Depending on who you speak to, search engine optimization (SEO) is either largely influenced or not at all influenced by social media. I'm sure everyone has their own opinions, case studies, and sites that show greater or lesser correlations between their social media engagement levels and their natural search results.
If you were to carry out an investigation into whether social media was a big influencing factor, which metrics would you want to monitor in order to base your insights on more empirical data?
I've put together a list of 13 ranking factors below. Feel free to use these and any others you can get your grubby SEO mitts on!
1. Number of Followers (Twitter)
You'll need your own corporate Twitter feed, which brings its own problems around brand protection and also the potential for dealing with customer service enquiries, but the more followers you have, the more authoritative your Twitter persona and the more value will be associated with your URL (assuming you have remembered to link to it).
2. Quality of Followers (Twitter)
The best followers are the ones with their own communities of followers. The more high value people who follow you, and retweet your stuff, the better.
3. Relevance of Followers (Twitter)
It's one thing getting followed and retweeted by Stephen Fry with over a million followers, but it's also important to get the same response from accounts that are more specific to your industry. Someone with "fashion" in their description who retweets your "20 percent off the new spring collection" offer is equally valuable.
4. Number of Retweets (Twitter)
Most likely as a ratio of tweets to retweets -- the more your content is reproduced by others the more authoritative it is. Obviously the more followers you have, the more likely you are to be retweeted. However, it isn't just about retweeting other people's content or dishing out promotions. It's about engaging in conversation with people in the industry.
5. Number of Fans (Facebook)
You'll need to create your own corporate profile on Facebook, which brings the same potential banana skins as a corporate Twitter feed, only multiplied numerous times due to the sheer level of engagement of people on Facebook. However, if you decide to engage with customers and potential customers on Facebook, the total number of likes your page receives will add value to your URL.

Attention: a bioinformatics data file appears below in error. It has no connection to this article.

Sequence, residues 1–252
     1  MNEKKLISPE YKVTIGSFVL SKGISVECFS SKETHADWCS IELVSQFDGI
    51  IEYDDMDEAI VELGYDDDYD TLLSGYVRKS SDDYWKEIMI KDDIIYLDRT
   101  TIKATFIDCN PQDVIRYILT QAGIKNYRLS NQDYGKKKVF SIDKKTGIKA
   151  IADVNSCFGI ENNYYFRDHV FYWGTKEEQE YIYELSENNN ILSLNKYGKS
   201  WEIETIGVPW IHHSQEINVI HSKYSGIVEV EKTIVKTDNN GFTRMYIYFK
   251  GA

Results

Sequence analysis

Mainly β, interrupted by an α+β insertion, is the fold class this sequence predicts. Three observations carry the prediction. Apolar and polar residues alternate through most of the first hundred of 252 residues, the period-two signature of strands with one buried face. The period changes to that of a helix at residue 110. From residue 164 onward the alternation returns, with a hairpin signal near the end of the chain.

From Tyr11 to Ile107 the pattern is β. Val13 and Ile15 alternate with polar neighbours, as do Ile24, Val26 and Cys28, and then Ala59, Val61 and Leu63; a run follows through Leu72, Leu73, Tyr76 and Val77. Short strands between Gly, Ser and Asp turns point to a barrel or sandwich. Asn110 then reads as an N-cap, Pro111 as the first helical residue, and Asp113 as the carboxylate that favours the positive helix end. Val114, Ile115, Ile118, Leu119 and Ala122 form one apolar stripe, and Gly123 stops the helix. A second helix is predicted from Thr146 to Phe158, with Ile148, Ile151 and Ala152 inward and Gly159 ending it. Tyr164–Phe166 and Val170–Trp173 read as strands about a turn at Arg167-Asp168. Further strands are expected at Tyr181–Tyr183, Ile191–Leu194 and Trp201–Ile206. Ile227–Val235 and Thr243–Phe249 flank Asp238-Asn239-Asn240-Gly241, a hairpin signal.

6. Number of Comments (Facebook)
A large number of likes, but little engagement, is a sure sign of someone gaming the system. People will tend to like you if you talk to them. Successful Facebook pages include a lot of content written by other people.
7. Number of Views (YouTube)
An obvious one, but any content you upload to YouTube should link to your site in the description, and the more times it is viewed, the more value will be attributed to your video.
8. User Comments (YouTube)
YouTube is also about engaging with other YouTubers and commenting on popular videos. The more you comment, the more link juice is passed back to your profile.
9. References From Independent Profiles (YouTube)
Using YouTube can bring in some really good authority if done brilliantly -- if your link from your video passes some value, imagine how much more value would be passed if you could get other people to parody your work and include links to you from their profiles. The prime example remains the Cadbury's Gorilla, but there are lots of interesting mini-campaigns trying to leverage the above.
10. Title of Video (YouTube)
Any references to your target keywords in the title of the video will help ensure that any authority passed will be relevant to a specific theme. Keywords should also be in the tags and or transcript where possible.
11. Percent of Likes vs. Dislikes (YouTube)
Easy one. The more liked your content is, the more authoritative it is.
12. Positive vs. Negative Brand Mentions (All Social Media)
Use a tool like Radian6, or a free tool, and ensure that you have significantly more positive brand mentions than negative. It won't be 100 percent accurate as these things don't pick up on sarcasm. But Google has already made investment in this area in 2011, so it's well worth monitoring.
13. Number of Social Mentions (All Potential Media)
Total visibility across all social media shows that your content is important to all people and not just a result of a large special offer for Facebook/Twitter users. HowSociable is a simple way of giving yourself a rating here.
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